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April 17, 2019

What does it mean to be Ukrainian today?

By Bohdan Nahaylo

The day of judgement in the Ukrainian presidential election is almost upon us. This is not just a contest between two political contenders and their supporters, representing different backgrounds, styles, and constituencies, or even visions, but something more fundamental.

It is a clash between the old and the new. Between traditional Ukraine, in the political sense, of the last thirty years, as represented by incumbent President Petro Poroshenko, an establishment figure, and between modernity, represented by political newcomer, showman Volodymyr Zelenskiy.

The frontrunner is a young, successful Russophone showman, with a novel approach to politics, projecting his appeal and winning power. He is a product of the post-Revolution of Dignity Ukraine and the inchoate modern political nation that has been crystallizing during a time of war with Russia in the east and the country’s simultaneous determined movement westward.

The election is not about Ukraine’s orientation, east or west. That issue has been decided. Neither Poroshenko nor Zelenskiy have questioned this. It is mainly about the way in which the country has been managed, or rather mismanaged during the last five years, and whether a change, not only at the top, but of the system as such, is needed.

The massive level of dissatisfaction with Poroshenko expressed in the first round of voting, and the fact that subsequent opinion polls show Zelenskiy maintaining a huge lead, indicate that the incumbent president, whatever successes he may claim during the last five years, has discredited himself.

The strong disappointment with Poroshenko and his record also demonstrates a desire to return to the unfinished business left over from the EuroMaidan and the Revolution of Dignity – that is, renewing and intensifying efforts to complete the stalled democratic transformation and modernization of the country.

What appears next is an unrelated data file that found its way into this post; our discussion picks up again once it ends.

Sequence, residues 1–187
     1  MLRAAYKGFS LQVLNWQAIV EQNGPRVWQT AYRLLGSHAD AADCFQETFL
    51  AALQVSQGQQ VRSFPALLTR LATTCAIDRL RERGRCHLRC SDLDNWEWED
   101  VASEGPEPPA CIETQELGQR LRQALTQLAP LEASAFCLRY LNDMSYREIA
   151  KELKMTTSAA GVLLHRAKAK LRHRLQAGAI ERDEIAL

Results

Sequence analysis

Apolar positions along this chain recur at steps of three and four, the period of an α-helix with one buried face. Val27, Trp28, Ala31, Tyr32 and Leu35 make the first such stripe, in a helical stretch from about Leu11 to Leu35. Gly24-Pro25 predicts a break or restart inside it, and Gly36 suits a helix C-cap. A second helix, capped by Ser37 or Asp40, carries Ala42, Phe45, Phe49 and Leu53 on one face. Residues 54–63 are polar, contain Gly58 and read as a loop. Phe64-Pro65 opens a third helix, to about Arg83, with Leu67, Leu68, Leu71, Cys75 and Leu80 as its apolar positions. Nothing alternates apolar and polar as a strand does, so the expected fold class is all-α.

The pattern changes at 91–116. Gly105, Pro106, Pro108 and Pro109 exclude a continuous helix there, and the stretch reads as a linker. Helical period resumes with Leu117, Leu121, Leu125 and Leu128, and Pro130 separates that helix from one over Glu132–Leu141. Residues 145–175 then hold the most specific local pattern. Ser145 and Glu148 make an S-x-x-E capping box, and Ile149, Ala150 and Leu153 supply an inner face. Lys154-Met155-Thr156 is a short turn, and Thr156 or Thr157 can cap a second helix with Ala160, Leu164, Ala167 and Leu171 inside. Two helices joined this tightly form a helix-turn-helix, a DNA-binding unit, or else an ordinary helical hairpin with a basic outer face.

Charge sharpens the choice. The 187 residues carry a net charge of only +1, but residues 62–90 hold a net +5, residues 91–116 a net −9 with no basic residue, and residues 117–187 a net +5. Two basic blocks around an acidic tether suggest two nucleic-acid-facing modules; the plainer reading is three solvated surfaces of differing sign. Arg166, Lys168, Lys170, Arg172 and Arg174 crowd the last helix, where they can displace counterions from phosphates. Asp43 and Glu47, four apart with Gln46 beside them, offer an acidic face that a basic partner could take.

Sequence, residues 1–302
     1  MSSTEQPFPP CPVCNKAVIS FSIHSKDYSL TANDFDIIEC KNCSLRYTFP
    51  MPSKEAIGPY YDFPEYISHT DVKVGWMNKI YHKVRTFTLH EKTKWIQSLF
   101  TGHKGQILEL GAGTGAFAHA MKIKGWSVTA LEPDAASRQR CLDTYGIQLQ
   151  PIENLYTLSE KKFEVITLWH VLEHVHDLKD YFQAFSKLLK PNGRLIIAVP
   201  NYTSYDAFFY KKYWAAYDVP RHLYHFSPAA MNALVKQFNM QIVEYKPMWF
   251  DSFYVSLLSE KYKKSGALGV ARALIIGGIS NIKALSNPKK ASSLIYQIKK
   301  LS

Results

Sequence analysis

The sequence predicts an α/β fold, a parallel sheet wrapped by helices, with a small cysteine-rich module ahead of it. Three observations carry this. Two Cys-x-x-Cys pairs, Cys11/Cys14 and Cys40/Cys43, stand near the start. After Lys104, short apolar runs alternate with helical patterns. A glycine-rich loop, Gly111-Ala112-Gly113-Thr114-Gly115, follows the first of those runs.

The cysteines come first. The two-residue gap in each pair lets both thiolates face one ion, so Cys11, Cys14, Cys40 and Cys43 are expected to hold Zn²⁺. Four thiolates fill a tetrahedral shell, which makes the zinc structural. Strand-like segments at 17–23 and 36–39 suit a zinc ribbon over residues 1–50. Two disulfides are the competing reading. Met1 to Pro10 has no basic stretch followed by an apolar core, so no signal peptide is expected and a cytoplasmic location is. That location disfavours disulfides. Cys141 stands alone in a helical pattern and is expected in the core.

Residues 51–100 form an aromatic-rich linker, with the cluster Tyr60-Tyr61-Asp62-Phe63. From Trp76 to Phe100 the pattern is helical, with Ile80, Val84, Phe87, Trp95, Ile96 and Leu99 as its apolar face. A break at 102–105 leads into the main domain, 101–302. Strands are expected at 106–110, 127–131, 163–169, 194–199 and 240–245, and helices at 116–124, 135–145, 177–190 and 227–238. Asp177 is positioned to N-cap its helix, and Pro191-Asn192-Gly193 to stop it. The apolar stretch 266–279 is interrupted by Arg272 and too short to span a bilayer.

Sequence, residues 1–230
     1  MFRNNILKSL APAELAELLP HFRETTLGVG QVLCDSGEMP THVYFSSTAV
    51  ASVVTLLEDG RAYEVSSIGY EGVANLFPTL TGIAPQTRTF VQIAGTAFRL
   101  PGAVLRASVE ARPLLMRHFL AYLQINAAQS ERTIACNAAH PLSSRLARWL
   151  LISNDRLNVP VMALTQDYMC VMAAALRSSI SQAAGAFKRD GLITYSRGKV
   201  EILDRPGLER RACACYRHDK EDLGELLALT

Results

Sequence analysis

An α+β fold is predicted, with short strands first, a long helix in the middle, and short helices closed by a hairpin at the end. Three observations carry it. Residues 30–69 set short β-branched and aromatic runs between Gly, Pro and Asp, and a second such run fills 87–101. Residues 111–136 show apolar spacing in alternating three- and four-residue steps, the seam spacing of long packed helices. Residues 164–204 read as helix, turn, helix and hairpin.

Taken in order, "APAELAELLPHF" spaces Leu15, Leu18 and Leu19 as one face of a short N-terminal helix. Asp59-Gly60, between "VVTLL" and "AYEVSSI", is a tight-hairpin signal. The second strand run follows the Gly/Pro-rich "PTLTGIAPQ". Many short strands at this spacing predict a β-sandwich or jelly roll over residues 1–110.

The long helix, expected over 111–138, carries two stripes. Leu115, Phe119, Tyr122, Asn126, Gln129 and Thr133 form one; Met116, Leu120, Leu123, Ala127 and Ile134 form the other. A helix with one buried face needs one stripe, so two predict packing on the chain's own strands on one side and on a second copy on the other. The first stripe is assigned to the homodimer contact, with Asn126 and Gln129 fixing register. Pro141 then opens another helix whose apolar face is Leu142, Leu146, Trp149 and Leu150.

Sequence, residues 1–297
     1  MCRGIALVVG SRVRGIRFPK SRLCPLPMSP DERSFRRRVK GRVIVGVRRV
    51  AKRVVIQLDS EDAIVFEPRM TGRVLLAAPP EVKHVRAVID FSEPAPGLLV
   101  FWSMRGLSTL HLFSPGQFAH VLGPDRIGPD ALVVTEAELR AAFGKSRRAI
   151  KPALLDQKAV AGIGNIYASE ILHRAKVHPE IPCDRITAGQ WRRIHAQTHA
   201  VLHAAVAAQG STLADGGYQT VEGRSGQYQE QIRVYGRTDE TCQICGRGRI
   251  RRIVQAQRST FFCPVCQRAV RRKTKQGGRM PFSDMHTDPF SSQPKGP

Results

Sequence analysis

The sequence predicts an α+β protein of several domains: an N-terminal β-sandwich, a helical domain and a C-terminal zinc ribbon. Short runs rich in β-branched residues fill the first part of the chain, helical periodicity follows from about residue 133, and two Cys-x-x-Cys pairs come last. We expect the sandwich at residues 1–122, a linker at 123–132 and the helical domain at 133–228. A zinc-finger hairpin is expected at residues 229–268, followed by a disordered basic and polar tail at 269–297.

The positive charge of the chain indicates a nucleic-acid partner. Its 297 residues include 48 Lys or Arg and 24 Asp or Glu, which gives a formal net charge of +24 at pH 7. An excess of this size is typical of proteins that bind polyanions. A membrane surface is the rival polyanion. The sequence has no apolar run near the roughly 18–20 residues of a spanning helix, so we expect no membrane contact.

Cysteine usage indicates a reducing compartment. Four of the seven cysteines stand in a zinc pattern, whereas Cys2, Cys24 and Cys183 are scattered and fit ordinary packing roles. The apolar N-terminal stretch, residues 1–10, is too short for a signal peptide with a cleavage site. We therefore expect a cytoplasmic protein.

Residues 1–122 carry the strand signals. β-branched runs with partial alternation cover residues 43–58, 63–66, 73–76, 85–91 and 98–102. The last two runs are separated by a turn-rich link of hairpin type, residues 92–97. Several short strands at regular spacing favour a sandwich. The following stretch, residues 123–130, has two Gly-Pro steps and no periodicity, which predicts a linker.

The election is also about the kind of Ukraine that its people want to live in, not just the quality and standard of living, but a sense of fair play and security. But the election is also about the evolving sense of modern Ukrainian national identity and the values associated with it.

Is being Ukrainian still primarily about speaking the Ukrainian language, practicing its religion, and accepting the traditional historical narrative?  Or is it about identity shifting more toward greater loyalty to the country and Ukrainian state in which for a major portion of the largely bilingual population core ethnic factors are respected but no longer predominant?

In conditions of war with Russia, what will bolster the unity of the country and support the accelerated reform, modernization, and economic growth that the country needs so badly if it is to hold its own?

The need to protect and guarantee the national attributes of Ukrainian statehood, such as Ukrainian as the state language, the gradual “Ukrainization” of education and official life, and the replacement of the old Soviet and Russian imperial historical schemes, have been key elements in the Ukrainian state building project, albeit subject to manipulation for political ends.